It appears that Claude's wife Margaret Gertrude Clapham had left Gawthorpe shortly after his enlistment in November 1916 and by early December 1918 she could no longer be located.

Margaret Gertrude Teasdale, was the daughter of James William Teasdale born 1857 in Liverpool, who joined the 2/8th Regt of Foot in 1876 aged 19 and served in India, Afghanistan and Cork where he married in 1883. He was then posted to Burma and then back to India when he was invalided out with dysentery. In 1897, James Teasdale was working as a commissionaire and by 1901 was living in Liverpool. It could be that he was still alive in 1916 when he would have been 59 years of age, and he may have been living in Canada at that time. Possibly Margaret Clapham went to stay with her parents whilst here husband Claude was fighting in WW1?

Meanwhile, on the 20th of December 1917, Claude was granted furlough, pending admission to Roehampton Queen Mary’s Convalescent Hospital. He remained in the army until the 14th of October 1918, when he was brought before the Invaliding Board at this Hospital with a view to discharge from the service. His discharge was confirmed on the 16th of December 1918 with a weekly pension of 27/6d for 13 weeks from the 17th of December 1918 and then 22/- a week for life. Claude Watson Clapham died in 1949, aged 63 years, and was buried at Ossett Holy Trinity on the 18th of July 1949.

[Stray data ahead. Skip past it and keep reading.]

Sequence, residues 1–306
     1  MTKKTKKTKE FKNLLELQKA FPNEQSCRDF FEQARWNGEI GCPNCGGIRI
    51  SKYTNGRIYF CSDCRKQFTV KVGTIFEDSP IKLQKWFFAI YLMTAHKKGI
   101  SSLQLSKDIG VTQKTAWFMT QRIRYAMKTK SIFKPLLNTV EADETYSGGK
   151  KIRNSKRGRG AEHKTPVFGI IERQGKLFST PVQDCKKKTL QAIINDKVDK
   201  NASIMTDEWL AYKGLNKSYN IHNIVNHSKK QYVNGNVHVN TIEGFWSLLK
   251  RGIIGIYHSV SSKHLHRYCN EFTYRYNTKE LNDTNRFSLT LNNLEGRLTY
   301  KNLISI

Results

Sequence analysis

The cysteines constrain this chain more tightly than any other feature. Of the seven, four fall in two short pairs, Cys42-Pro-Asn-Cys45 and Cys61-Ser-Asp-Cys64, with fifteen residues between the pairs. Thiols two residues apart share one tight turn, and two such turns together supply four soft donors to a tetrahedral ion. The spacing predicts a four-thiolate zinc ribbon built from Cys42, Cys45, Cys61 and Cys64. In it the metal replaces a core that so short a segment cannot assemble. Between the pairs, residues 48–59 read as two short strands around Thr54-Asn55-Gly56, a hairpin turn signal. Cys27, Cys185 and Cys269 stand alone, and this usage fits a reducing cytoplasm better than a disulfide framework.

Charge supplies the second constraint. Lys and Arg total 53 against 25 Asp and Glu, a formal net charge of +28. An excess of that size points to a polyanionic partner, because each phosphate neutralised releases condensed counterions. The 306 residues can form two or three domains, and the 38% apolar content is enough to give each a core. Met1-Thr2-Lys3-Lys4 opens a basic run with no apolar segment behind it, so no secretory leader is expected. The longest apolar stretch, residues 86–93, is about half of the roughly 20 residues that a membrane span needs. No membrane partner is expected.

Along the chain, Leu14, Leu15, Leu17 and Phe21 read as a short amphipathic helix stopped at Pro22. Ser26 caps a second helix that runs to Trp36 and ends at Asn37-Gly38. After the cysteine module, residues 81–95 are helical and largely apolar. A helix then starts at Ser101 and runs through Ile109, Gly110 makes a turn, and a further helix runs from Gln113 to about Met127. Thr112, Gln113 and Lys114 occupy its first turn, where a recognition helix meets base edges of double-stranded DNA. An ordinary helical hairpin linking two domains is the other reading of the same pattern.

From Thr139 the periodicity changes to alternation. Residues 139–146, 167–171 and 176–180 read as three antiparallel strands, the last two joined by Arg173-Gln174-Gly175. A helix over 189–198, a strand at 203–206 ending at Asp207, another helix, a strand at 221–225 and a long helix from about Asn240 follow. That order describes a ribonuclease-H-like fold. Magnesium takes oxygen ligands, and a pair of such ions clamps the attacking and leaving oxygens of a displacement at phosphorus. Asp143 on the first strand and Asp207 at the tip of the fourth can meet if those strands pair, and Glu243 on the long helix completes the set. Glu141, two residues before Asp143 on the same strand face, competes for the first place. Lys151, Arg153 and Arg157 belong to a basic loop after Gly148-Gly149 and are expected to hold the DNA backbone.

Private Claude W. Clapham, 36460, 8th Battalion, York and Lancaster Regiment was awarded the British and Victory medals. He did not serve abroad before the 31st December 1915 and after his medical discharge from the Army he was awarded the Silver War Badge.